The California Endowment Takes a Community-based Approach to Statewide Health

Monday, October 17, 2016

This is one in a series of profiles highlighting the work of our longtime members to commemorate the 40th anniversary of San Diego Grantmakers' founding in 1976.

When it comes to expanding access to affordable quality healthcare for the underserved, people often talk of increasing the number of reduced-cost community clinics, implementing nutrition programs in at-risk communities, and promoting the benefits of exercise to children.  For the first 10 years of The California Endowment’s 20-year history, this is the type of work they did – to the tune of about $1 billion in grants throughout the state. 

Then in 2006, the organization decided to take a long, hard look at whether these methods were really promoting fundamental improvements in the health status of all Californians. What they discovered led them to revolutionize their approach.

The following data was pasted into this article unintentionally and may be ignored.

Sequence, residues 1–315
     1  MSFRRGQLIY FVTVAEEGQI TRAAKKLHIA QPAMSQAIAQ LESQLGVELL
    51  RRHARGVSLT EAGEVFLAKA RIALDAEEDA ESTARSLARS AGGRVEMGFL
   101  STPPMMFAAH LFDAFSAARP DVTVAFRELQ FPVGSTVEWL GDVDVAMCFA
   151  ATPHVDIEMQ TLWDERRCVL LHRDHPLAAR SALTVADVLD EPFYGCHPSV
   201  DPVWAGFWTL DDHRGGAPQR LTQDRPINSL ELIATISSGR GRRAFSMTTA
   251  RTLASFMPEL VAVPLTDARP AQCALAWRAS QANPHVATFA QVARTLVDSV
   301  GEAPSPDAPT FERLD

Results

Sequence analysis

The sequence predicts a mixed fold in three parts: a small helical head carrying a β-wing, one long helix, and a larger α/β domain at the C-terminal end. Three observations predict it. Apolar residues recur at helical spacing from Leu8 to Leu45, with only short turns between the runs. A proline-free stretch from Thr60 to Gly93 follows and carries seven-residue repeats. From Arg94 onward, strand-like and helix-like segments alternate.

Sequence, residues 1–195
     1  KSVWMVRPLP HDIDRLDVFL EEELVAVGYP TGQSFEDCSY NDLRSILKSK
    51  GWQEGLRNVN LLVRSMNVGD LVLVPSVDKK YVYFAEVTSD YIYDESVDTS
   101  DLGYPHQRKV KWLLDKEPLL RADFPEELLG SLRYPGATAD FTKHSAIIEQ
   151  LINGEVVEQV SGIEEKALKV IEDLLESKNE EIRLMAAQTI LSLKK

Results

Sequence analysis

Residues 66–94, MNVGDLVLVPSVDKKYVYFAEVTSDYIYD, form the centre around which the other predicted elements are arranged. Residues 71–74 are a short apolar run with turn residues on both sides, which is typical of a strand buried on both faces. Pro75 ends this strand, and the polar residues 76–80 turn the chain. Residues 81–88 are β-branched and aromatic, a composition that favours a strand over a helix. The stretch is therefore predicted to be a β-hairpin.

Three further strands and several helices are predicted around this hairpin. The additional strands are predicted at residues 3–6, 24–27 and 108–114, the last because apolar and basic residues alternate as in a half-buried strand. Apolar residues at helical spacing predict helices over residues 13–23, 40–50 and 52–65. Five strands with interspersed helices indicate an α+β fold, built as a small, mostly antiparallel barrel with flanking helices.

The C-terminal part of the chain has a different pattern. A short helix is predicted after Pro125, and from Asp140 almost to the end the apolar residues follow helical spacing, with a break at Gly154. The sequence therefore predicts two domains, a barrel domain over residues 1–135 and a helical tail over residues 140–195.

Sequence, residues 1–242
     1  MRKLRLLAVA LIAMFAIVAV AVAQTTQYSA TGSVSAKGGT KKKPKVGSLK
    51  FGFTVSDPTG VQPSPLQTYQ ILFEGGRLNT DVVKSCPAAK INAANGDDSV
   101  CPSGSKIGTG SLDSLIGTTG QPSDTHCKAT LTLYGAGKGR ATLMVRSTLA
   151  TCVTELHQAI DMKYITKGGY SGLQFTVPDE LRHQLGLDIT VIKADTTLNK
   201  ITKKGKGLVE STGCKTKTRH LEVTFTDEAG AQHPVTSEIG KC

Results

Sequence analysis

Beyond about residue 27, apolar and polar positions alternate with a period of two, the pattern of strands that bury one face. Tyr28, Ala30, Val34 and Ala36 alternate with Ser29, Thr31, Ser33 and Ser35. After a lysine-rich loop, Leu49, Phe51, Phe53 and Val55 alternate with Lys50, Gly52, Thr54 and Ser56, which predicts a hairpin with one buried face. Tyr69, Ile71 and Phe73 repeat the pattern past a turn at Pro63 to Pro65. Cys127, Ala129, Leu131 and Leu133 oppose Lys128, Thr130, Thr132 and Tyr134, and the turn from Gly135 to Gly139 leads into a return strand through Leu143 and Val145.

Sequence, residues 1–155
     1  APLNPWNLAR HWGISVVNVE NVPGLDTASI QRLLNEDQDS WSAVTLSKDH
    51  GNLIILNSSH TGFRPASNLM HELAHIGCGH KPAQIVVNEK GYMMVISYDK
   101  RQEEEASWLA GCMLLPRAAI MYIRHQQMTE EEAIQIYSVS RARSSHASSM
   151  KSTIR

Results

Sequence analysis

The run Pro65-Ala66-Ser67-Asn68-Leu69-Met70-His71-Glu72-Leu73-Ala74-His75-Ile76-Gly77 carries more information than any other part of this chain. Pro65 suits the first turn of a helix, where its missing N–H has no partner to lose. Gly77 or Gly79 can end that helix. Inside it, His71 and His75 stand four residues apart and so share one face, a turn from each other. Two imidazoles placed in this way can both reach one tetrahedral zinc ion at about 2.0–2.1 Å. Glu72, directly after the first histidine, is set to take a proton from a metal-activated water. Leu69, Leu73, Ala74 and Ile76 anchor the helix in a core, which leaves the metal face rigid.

“All of our grantmaking was done around issues that people traditionally identify as being health-focused or healthcare related,” says California Endowment Senior Program Manager Steve Eldred. “In order to really affect change, we needed to look at more sustainable actions. We had been making a lot of grants, but they were usually addressing the same problems through very similar strategies.  We were not seeing many systemic, everlasting results.” 

Building Healthy Communities…

The Endowment knew that to really transform the state of healthcare in California, it needed to dismantle many of the barriers to healthy living that people face, and look for ways to support and encourage healthy behaviors. With this reality in mind, they started to think about how they could change the conditions in which people live. This shift in thinking led to the Building Healthy Communities strategy that, for the last decade, has driven The Endowment’s mission.